Leading traffic control equipment company, McCain, is showcasing connected vehicle-ready technology as part of a live Cellular-Vehicle-to-Everything (C-V2X) demonstration with Qualcomm Technologies at this week’s CES 2018 event in Las Vegas.
The McCain-Qualcomm demonstration showcases how direct C-V2X communications can enable essential data exchange between vehicles and traffic control infrastructure to improve safety, optimize traffic flow, and pave the path to automated driving. McCain’s advanced transportation systems are providing real-time traffic data, including Signal Phase and Timing (SPaT), and traffic signal preemption, to connect vehicles via a Roadside Unit (RSU) equipped with the Qualcomm 9150 C-V2X chipset. Such data is crucial in helping emerging connected and autonomous vehicles (CAV) safely navigate roadways.
Now a wholly-owned subsidiary of the Austrian Swarco Group, McCain is showcasing its compact Backpack Cabinet, running Omni eX Intersection Control Software on a FLeX Controller as part of the C-V2X demonstration. High-resolution data provided by the McCain systems enables the vehicles to display a countdown timer indicating when the signal will change status and provide crucial safety alerts, including warning of a potential nearby pedestrian or approaching emergency vehicle, as well as enabling emergency vehicle preemption.
Using direct communication mode, C-V2X is designed to allow vehicles to directly communicate with other vehicles, pedestrian devices, and roadside infrastructure, such as traffic signs and construction zones, without the involvement of a cellular network or cellular network subscription. C-V2X has a clear evolution path to 5G and is designed to be backward- and forward-compatible. It is expected to be featured in production vehicles by 2019. McCain and Qualcomm Technologies are currently working on trials for Cellular-V2X technology as part of the San Diego Autonomous Vehicle Proving Grounds, along with Ford, AT&T and Nokia.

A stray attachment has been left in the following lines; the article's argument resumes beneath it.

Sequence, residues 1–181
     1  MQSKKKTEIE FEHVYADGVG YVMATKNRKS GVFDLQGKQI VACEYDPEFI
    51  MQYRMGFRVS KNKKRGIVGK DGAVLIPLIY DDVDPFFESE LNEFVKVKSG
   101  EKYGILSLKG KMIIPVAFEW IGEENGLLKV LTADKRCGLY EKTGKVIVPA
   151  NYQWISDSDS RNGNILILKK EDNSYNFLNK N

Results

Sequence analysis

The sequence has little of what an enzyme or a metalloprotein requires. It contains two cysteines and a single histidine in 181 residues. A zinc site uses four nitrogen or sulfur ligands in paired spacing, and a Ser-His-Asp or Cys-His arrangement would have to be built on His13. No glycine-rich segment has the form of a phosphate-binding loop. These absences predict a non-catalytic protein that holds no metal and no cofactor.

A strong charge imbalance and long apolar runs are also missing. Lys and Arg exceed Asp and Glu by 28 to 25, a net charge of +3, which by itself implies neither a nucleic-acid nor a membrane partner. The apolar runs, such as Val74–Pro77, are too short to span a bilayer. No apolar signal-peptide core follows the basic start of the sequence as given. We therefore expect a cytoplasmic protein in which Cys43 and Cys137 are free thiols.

“We are proud to participate in Qualcomm Technologies’ C-V2X demonstrations highlighting how increasingly connected and autonomous vehicles, by exchanging information with our advanced transportation infrastructure and software solutions, can help improve safety and quality of life,” said Michael Schuch, president of McCain and COO for intelligent transportation systems at parent company, Swarco. “As a roadway infrastructure leader, we strive to ensure that all new communication technologies are effectively integrated with existing and emerging traffic signal control infrastructure to make the travel experience safer, quicker, more convenient, and environmentally sound.”